ragtime_xmas_treetruck

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What I love about a rag quilt is how soft and warm they are. The components to a warm, fuzzy rag quilt are flannel and batting; which are sandwiched together and then tacked in place with an X. 

For this quilt, I simply took one 9” square and sewed it to 71 other squares (I left the seam edge at about .75”). The finished quilt is sized at 61” x 67”. 

The best and worst part about this quilt are the edges — they’re left raw. Raw edges work well because it hides the small imperfections, it frays well and stops fraying at the cut point, and it makes the quilt soft. Which means you can forget about the binding of the quilt. And, the reason why the raw edges of a rag quilt are the worst part, is because they need to be cut every .75” to fray right. Since the material is flannel, and you are cutting two to four layers at a time, it can really wear your hands down. A solution to this pain is a really good pair of sharp, small scissors. 

 

ragtime_back_xmas

 

ragtime_sky_xmas

 

ragtime_half

 

ragtime_xmas_folded

 

There are other ways to make a rag quilt. For example, the ragtime quilt I made in the winter of 2004 which had four small blocks next to one large block.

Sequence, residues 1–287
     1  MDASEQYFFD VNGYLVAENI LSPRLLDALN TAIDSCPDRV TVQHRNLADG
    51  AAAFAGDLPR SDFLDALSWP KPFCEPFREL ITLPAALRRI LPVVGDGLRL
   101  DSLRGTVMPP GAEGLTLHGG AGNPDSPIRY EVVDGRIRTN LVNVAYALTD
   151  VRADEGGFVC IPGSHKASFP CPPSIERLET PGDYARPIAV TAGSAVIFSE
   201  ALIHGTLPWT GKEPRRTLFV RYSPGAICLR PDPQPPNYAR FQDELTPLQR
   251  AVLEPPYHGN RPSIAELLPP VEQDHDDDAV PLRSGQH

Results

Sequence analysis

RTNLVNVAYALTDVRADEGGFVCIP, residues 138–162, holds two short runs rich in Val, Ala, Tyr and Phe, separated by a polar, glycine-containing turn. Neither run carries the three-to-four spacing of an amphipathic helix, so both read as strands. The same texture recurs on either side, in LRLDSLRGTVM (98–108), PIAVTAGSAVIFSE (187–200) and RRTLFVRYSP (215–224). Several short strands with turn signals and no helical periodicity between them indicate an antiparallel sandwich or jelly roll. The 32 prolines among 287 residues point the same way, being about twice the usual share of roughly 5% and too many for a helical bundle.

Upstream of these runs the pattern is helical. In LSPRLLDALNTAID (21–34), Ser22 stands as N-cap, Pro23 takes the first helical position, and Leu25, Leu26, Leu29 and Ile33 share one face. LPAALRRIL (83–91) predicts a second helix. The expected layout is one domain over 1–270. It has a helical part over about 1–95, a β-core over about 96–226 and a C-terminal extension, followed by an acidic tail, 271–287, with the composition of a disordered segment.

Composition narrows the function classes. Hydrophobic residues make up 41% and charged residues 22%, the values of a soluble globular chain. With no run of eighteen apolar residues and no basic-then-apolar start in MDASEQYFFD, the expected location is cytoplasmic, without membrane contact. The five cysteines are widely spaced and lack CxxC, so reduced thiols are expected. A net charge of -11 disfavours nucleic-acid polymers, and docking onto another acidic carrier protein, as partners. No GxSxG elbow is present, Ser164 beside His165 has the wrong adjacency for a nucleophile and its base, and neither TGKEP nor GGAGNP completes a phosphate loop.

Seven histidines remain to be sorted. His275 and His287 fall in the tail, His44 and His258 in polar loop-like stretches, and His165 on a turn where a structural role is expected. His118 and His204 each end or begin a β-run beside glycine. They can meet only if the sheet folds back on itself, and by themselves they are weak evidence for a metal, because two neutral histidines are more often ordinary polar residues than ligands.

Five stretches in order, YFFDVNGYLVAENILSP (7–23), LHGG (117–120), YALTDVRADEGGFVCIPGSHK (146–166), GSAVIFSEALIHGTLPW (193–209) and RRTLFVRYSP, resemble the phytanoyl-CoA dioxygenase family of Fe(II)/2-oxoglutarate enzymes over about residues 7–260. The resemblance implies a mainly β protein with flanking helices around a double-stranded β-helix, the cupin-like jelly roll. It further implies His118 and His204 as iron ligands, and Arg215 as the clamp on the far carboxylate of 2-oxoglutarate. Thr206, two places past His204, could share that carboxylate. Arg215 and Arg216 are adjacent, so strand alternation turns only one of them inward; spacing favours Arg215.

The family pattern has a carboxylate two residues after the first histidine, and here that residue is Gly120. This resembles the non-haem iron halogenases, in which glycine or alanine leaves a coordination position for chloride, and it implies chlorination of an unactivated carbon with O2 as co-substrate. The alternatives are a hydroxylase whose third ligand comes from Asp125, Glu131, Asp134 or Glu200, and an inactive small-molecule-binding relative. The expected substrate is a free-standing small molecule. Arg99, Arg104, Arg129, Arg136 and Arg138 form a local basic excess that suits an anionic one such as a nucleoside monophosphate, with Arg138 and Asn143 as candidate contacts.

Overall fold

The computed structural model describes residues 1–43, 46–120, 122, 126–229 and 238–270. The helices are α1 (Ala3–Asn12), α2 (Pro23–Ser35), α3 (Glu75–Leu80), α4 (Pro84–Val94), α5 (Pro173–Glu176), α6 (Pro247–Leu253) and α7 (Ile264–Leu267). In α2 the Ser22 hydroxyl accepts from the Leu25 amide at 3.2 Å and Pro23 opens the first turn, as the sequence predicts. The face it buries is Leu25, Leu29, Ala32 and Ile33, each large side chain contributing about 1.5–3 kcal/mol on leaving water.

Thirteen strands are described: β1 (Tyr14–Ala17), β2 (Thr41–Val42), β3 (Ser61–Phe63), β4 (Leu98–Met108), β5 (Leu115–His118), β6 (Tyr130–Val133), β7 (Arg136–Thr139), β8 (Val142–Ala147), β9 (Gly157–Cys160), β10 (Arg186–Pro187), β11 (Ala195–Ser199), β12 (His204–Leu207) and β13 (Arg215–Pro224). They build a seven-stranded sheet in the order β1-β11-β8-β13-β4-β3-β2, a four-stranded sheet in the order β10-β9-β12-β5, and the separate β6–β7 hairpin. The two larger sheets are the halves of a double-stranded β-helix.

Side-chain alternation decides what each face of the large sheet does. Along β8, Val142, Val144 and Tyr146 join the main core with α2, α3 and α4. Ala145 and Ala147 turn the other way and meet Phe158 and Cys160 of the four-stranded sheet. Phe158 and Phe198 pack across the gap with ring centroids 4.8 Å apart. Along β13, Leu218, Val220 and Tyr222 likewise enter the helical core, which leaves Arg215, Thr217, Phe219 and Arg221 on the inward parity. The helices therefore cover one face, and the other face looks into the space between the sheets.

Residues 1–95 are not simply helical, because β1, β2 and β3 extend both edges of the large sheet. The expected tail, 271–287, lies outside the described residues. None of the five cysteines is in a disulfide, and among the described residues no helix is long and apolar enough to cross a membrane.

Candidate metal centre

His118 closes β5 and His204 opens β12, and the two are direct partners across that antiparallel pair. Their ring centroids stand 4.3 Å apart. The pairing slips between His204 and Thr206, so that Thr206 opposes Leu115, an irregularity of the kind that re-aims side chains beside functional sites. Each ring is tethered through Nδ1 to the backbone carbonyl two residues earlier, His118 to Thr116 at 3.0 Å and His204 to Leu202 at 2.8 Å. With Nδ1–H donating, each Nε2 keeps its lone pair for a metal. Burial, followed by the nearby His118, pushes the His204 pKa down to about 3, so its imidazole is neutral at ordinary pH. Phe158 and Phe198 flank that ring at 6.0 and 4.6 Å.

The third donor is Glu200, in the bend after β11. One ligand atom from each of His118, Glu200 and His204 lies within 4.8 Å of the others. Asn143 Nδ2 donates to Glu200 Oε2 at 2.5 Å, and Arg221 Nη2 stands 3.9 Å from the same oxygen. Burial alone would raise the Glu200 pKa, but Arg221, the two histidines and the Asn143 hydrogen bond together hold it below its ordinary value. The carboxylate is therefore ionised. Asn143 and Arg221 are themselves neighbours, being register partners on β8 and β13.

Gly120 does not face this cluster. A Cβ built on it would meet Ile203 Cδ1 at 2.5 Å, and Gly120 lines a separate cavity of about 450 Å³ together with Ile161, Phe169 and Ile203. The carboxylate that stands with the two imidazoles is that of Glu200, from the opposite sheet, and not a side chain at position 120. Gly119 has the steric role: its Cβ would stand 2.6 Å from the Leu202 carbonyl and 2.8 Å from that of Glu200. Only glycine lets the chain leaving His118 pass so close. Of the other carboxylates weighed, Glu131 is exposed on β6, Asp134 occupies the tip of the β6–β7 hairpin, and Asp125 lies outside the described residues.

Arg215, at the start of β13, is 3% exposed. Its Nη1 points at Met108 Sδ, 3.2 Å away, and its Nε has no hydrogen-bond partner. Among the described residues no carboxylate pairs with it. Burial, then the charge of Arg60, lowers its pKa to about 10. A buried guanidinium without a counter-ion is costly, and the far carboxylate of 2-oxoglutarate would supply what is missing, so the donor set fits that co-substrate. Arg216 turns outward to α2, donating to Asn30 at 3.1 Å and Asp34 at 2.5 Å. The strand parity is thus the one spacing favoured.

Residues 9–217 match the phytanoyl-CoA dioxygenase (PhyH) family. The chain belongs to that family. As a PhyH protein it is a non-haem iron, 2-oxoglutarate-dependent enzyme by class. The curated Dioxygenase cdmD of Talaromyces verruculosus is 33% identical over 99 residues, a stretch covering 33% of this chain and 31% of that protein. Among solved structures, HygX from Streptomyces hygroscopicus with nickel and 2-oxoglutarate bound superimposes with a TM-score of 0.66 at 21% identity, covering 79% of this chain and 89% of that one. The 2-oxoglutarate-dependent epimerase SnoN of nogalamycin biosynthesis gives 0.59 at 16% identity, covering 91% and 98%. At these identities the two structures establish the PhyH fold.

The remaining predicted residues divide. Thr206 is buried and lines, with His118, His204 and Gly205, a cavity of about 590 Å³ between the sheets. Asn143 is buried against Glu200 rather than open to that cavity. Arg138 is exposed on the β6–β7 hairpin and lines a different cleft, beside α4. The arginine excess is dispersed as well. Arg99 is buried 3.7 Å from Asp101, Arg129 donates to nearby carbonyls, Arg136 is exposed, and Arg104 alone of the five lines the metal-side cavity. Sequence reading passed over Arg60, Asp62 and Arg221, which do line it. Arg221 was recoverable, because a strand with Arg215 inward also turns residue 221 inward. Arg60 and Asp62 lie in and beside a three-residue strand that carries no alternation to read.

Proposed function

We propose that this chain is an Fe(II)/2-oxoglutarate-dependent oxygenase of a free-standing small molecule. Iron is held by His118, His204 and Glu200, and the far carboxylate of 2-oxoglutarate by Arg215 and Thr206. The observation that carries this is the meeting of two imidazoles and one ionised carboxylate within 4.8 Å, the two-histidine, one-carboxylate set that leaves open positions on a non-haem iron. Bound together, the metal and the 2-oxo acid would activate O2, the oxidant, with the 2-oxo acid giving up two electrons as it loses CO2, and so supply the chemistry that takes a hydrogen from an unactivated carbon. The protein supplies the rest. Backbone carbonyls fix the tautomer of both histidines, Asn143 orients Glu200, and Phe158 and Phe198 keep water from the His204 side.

Here are a few (of my favorite) other variations of the rag quilt:

TEXAS Flag Rag Quilt
Orange Peel Quilt (Rag Quilt)
Puff Quilt Pattern
Ragtime Quilt
The Giving Challenge Baby Blanket

 

Lately, it’s been cold and raining here in Tucson, so I’m planning on finding someone in need to give this quilt to. Now that I think about it, there’s a man at a coffee shop where I visit that could use this… Hummm that might perfect.

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Oh,I almost forgot! **A tip for you**

 After the holidays are over, you can find Flannel Sheet sets on sale. This is a great way to get a lot of flannel at a low price.